No COVID-19 tests available for prisoners at center of New York outbreak, court documents show

"Please help me before I die," one inmate said via his attorney.

April 4, 2020, 6:00 AM

A federal detention center at the epicenter of the coronavirus pandemic in New York City has no in-house ability to test sick or high-risk inmates for COVID-19, according to a letter from the jail's top official in court documents reviewed by ABC News.

"MCC New York does not have COVID-19 tests," M. Licon-Vitale, the recently installed warden of the Metropolitan Correctional Center in downtown Manhattan, wrote in a letter to a federal judge this week.

The warden's letter came in response to an order from U.S. District Court Judge Paul Engelmayer to test an MCC inmate in his 20s who claimed to be experiencing novel coronavirus symptoms and believed he might have contracted it.

"He was placed into quarantine yesterday after he developed symptoms of COVID-19, including a cough and body aches," wrote Florian Miedel, a defense attorney appointed to represent Bryant Brown, who's awaiting trial on murder charges. "We are concerned about MCC's ability to care for Mr. Brown, given its track record over the years with other clients under less trying circumstances."

PHOTO: Inmates walk through the exercise yard at California State Prison Sacramento, near Folsom, Calif., Feb. 26, 2013.
Inmates walk through the exercise yard at California State Prison Sacramento, near Folsom, Calif., Feb. 26, 2013.
Rich Pedroncelli/AP, FILE

Miedel sought the court-ordered test this week to ensure Brown was receiving appropriate care and asked the court to order the facility to provide frequent updates on his condition.

Licon-Vitale wrote in response that the facility's doctor and an infectious disease specialist from the Bureau of Prisons had determined Brown's symptoms did not meet the criteria for testing based on guidelines from the Centers for Disease Control and Prevention, which have prioritized testing for health care workers and for patients exhibiting high fever and acute respiratory symptoms.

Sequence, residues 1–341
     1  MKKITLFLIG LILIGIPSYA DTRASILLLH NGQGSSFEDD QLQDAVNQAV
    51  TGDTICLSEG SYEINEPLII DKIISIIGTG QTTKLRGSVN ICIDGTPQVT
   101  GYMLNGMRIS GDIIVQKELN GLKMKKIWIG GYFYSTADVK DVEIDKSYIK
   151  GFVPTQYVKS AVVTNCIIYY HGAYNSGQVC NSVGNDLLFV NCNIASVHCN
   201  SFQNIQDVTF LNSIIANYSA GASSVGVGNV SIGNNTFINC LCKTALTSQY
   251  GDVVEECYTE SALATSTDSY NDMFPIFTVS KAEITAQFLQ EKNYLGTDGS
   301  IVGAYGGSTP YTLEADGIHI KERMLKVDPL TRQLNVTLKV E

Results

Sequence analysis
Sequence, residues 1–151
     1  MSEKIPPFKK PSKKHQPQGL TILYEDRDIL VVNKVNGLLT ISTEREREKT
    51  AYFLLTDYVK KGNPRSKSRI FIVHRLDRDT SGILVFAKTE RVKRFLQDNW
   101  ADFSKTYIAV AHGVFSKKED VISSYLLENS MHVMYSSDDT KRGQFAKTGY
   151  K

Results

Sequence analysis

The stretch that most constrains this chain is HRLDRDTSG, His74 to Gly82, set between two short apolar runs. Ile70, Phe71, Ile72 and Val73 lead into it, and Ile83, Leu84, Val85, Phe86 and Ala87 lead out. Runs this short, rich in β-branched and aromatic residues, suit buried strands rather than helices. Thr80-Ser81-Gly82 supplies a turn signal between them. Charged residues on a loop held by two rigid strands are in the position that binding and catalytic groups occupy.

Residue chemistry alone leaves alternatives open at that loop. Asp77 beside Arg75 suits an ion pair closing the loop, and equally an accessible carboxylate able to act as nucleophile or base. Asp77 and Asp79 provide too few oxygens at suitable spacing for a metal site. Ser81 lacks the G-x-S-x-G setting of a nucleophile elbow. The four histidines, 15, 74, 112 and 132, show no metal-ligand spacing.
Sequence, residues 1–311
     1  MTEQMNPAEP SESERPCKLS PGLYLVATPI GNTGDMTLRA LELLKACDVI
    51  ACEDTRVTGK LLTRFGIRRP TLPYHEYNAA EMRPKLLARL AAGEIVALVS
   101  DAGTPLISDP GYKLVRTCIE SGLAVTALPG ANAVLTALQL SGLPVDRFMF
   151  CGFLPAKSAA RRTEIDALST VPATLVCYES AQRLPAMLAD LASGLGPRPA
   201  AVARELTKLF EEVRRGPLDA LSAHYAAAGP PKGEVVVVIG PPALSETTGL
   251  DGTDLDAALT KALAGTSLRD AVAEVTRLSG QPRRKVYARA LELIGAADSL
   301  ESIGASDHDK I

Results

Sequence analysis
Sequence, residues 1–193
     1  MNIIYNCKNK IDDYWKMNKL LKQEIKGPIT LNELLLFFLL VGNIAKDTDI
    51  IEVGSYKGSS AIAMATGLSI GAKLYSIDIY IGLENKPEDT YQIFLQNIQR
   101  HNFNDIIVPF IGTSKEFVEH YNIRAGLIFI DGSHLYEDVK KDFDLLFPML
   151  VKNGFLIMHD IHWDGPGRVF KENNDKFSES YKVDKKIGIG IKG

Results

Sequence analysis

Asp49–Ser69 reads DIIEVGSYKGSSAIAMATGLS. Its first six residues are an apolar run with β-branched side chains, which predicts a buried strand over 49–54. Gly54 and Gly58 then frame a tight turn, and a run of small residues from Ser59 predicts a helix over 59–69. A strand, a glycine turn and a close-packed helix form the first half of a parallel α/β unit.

Transporting Brown to a hospital "would be ill-advised and expose him to others who are symptomatic for a test that an Infectious Disease Specialist advised is not needed," Licon-Vitale wrote.

At MCC, a source familiar with the facility's operations told ABC News that staffers face severe shortages of proper personal protective equipment, or PPE.

The BOP did not immediately respond to a request for comment about the situation at MCC.

"COVID-19 and the lack of readiness by the Federal Bureau of Prisons has made an already very dangerous working environment into hell for our staff -- both physically and mentally," Tyrone Covington, the correctional officers' local union representative, told ABC News. "It is a daily war to keep the inmate population in line as they demand visits with their families and fear for their health and their families' health."

PHOTO: Stock photo: Prison
Stock photo: Prison
Stock photo/Getty Images

As the COVID-19 pandemic has spread throughout the United States, health officials, attorneys and prison workers at both the state and federal level have been sounding alarms for weeks about the dangers a COVID-19 spread present to inmates and staff.